FIGURE 3.1 Traffic In bytes per second (B/s) (1 byte = 8 bits) on the Internet, on voice telephone, and overall, 1986-2007. Also shown is the capacity to compute in general-purpose machines, expressed in millions of instructions per second (MIPS). SOURCE: MIPS graph based on data extracted from Hilbert, M., and P. Lopez. 2011. The world’s technological capacity to store, communicate, and compute information. Science 332(6025):60-65.

from one fiber route to another fiber route directly in the optical domain without the need for conversion to electronics—are now heavily deployed in long-haul terrestrial networks as well as metropolitan networks. Wavelength-routed networks provide cost-effective solutions because they allow data on wavelengths passing through a node at a multi-route network node to remain in the optical domain and benefit from the cost-effective multi-wavelength amplification enabled by optical amplifiers, rather than needing to be individually electronically regenerated. The large increase in capacity demand has ensured that a prerequisite for the economic viability of such networks—namely, that the capacity demand between any two node pairs on the network be at least as large as that which can be carried by a single wavelength—is met.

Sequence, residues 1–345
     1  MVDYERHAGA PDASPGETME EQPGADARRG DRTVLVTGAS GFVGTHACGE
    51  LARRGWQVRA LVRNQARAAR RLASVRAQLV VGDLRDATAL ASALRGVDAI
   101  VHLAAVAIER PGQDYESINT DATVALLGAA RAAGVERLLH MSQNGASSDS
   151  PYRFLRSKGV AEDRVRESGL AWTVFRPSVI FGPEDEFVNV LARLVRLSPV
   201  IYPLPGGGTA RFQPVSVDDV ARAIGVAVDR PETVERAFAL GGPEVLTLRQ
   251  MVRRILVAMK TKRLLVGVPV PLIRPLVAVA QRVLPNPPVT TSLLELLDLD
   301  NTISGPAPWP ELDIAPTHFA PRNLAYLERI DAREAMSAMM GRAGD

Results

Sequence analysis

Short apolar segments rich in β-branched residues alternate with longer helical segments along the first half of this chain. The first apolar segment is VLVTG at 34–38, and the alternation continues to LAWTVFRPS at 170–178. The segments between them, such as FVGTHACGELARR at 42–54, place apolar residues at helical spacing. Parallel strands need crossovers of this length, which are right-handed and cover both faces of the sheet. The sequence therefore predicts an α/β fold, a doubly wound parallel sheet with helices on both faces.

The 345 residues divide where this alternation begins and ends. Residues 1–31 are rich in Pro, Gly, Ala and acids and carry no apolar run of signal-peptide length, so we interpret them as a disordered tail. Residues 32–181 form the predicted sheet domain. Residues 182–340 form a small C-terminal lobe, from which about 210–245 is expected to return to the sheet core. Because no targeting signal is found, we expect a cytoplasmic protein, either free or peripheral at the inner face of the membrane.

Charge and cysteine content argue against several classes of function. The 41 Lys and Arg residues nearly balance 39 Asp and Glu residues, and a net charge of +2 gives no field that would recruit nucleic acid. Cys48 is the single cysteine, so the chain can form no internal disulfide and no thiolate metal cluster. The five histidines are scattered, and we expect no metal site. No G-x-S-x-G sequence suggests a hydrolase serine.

WDM optical networks require reconfigurable optical add/drop multiplexers (ROADMs) to, under network electrical control, drop or add wavelength channels at a node and to switch wavelength channels from one fiber route to another. ROADMs are key enablers that have evolved significantly in their functionality, providing increasing levels of flexibility, and in their capacity, or number of fiber ports and wavelengths per fiber, over the last decade. Further progress in these network elements and their enabling technologies will be essential to addressing the growing demand for capacity.

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